When Wario Ware: Mega Microgame$
hit the Game Boy Advance back in 2002, it opened up a seemingly untouched genre: an entire videogame design that's revolved around rapid-fire minigame challenges. The success of the original GBA game spawned an enhanced GameCube sequel several months later, and when the Nintendo DS was revealed to the public for the first time, the company already had a demo version of Wario Ware
running on the brand new hardware. That demo, not surprisingly, has been expanded into a full-fledged Nintendo DS presentation in Wario Ware Touched!
, and it's just as quirky, bizarre, and -- most importantly -- successful a design as the original GBA version is, and shows that there's something unique and fun to touch and dual-screen gaming. It's just an incredibly short game experience.
The hook of the Wario Ware design is that it strings together brief, small challenges of varying difficulty levels, one after another. To call many of these "games" would be extremely generous, since some of them are merely rudimentary tasks that a monkey could do. And most of them couldn't stand on their own as individual games anyway -- how could you package a design that simply requires players to pop balloons or stretch animals out of shape? But when they're thrown at the player, one after the other at a slowly increasing pace, these challenges and tasks actually have far more meaning in a gaming environment.
The mini-tasks in Wario Ware Touched! have been sectioned off into "themes" of different control. Some require a "tap" motion, others a "drag" across the touch screen. Others need a circular drawing motion in "Twisted" fashion. One particular group of challenges put the microphone to use, offering a surprising variety of "breath" controlled games simply by blowing into the Mic hole of the Nintendo DS system. Of course, the real treat is the series of "throwback" levels that revives the classic Nintendo franchises like Metroid, Hogan's Alley, Zelda II, and Game & Watch titles.
Nearly everything about the Nintendo DS and its hardware went to use somewhere in Wario Ware Touched! Quite a few games push the two screen element by combining the action across dual displays, others combine the touch and microphone function together. Many games are simple sprite-based presentations, but some actually push a decent amount of 3D effects. The only aspect of the Nintendo DS that went ignored was the wireless networking function, which is surprising since it's clear that the designers were encouraged to push the Nintendo DS' functions wherever possible.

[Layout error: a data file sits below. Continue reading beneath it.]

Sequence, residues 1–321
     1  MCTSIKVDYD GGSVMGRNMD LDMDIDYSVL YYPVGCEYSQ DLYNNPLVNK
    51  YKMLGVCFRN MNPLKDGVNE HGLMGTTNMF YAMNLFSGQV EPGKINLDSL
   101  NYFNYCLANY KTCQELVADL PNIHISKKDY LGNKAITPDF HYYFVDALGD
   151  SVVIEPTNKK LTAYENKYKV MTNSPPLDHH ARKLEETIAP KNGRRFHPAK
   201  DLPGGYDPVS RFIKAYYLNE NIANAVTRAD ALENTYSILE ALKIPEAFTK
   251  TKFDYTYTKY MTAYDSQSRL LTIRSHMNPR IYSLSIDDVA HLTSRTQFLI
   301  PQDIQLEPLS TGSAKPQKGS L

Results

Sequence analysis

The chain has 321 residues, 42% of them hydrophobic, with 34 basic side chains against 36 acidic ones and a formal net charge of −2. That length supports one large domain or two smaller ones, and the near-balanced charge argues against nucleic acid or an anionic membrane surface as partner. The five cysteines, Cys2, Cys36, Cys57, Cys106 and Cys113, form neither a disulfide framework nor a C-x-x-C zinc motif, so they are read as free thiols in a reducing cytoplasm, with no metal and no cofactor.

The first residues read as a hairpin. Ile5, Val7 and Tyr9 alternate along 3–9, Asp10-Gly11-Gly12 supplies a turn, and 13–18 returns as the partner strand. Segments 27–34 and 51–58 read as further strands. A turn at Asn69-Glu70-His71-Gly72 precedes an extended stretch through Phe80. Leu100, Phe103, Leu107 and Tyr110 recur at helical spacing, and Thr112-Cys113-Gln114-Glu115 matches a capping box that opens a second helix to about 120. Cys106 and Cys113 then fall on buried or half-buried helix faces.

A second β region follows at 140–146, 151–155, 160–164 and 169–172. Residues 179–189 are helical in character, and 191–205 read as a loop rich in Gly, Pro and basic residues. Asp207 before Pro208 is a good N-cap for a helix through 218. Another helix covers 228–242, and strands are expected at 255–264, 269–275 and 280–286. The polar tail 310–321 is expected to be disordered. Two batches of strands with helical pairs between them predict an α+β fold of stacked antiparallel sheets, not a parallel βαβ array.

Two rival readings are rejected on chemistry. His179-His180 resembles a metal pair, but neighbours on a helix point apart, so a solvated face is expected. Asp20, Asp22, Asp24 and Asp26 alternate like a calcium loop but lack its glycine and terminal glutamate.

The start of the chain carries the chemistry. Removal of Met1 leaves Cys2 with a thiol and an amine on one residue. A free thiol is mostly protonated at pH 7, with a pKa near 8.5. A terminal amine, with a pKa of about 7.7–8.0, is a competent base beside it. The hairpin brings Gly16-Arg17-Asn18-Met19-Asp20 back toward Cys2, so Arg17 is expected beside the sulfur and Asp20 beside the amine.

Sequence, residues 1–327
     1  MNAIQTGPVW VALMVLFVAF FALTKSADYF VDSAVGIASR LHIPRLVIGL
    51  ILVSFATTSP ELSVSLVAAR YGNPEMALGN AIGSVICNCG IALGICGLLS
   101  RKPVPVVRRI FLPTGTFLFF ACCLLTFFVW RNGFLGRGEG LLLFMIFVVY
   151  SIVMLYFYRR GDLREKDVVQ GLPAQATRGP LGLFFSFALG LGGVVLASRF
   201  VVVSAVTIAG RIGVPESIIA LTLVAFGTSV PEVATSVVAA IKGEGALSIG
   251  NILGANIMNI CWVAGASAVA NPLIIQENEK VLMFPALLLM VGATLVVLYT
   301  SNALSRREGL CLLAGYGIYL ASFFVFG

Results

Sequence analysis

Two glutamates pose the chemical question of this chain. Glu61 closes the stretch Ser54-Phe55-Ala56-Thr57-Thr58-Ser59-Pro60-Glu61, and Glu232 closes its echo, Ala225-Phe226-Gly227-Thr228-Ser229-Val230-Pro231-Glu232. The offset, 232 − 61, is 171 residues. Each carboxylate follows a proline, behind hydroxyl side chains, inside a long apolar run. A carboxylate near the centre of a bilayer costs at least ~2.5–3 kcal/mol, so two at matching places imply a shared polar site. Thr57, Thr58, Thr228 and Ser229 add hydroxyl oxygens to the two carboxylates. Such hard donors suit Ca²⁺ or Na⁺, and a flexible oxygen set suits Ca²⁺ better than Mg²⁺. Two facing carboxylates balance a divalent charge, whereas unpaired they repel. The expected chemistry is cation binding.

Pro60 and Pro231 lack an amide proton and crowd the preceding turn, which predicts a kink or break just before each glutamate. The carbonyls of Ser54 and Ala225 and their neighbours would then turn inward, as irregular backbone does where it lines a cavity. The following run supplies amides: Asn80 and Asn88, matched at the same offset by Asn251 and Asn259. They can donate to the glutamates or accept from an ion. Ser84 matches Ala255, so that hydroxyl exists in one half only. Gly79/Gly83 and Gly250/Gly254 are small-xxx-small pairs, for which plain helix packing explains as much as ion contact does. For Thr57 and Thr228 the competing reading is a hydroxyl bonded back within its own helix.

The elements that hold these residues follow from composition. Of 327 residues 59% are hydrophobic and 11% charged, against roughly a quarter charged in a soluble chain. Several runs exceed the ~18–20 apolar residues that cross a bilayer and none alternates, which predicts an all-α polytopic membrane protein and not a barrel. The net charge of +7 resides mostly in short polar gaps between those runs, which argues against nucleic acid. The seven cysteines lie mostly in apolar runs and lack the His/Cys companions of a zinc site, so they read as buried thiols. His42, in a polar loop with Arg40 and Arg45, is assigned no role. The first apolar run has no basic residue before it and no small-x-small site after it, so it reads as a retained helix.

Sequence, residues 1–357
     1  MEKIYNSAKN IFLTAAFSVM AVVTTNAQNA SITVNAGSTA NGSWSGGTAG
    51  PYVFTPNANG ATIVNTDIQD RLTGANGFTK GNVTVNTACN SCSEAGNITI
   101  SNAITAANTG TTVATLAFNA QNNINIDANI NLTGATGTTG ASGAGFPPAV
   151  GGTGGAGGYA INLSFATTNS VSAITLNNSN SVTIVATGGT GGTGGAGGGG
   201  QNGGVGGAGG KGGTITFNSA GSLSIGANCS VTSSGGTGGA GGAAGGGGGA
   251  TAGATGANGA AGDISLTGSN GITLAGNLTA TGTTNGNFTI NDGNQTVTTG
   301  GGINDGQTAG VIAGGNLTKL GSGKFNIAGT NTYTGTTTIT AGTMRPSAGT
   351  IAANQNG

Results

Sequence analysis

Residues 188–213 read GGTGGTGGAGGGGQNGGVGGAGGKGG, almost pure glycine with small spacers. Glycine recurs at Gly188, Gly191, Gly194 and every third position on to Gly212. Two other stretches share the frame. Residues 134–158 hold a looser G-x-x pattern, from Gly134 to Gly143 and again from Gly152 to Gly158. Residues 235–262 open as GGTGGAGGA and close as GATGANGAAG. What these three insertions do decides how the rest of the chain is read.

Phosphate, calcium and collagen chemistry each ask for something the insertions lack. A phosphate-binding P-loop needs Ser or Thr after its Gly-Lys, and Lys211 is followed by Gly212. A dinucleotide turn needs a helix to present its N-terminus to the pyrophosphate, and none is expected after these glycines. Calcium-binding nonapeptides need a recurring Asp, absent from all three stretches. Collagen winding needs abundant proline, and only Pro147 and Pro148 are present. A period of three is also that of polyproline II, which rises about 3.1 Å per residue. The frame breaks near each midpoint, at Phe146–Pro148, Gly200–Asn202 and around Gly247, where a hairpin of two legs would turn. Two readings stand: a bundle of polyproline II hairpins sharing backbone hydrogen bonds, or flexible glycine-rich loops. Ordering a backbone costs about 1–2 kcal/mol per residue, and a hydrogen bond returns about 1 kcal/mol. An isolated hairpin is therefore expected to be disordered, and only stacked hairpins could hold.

It's also clear that the designers involved in the production of the Wario Ware series are given an extremely loose leash. The enormous creative freedom is what really gives this game its charm because, right from the start, you never know what to expect. And even when it's staring you in the face, some of the designers' motives are never known. Why was there a bunny-suited man sitting outside on a treebranch? What's with the old man that needs to be "blown" into the air? There are way more questions than answers to some of the mini-game tasks, but that's what really gives Wario Ware Touched! its unique look and feel.
In the time between the Japanese release and the US release of Wario Ware for the DS, the development teams only tweaked a handful of items during the localization. One mini-challenge and one "toy" have been replaced by completely different and unique items in the US version, and a couple of unlockable toys have had slight alterations to fit the different culture. But on the whole, the entire Wario Ware experience has been retained in the move across the Pacific.
But that also means that the actual downsides to the product have been retained as well. Truth is, Wario Ware Touched is a game that can be completed in a single sitting. From the initial boot up to the first time you see the end credits, you're talking about an hour of play time. However, once the game's completed it's not over since a single playthrough barely opens up any unlockables hidden away in the cartridge. Still, it won't take long to discover all of the little gadgets and reveal every one of the 180 mini-challenges since it realistically only takes another two to three hours to pull off this task. But even with the short length, Wario Ware Touched is endlessly playable since each of the "levels" and unlockable mini-games can be played for high-score. It's just unfortunate that the entire game can be experienced within the day it's been purchased.
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